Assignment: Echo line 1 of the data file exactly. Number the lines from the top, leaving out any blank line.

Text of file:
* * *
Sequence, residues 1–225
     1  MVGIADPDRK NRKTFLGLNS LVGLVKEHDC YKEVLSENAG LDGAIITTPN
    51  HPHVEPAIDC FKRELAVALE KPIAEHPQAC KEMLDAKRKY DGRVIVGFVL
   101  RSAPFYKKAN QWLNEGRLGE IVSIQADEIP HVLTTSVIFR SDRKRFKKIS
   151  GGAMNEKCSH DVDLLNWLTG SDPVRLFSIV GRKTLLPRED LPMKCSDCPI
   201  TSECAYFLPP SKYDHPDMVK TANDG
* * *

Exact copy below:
Sequence, residues 1–225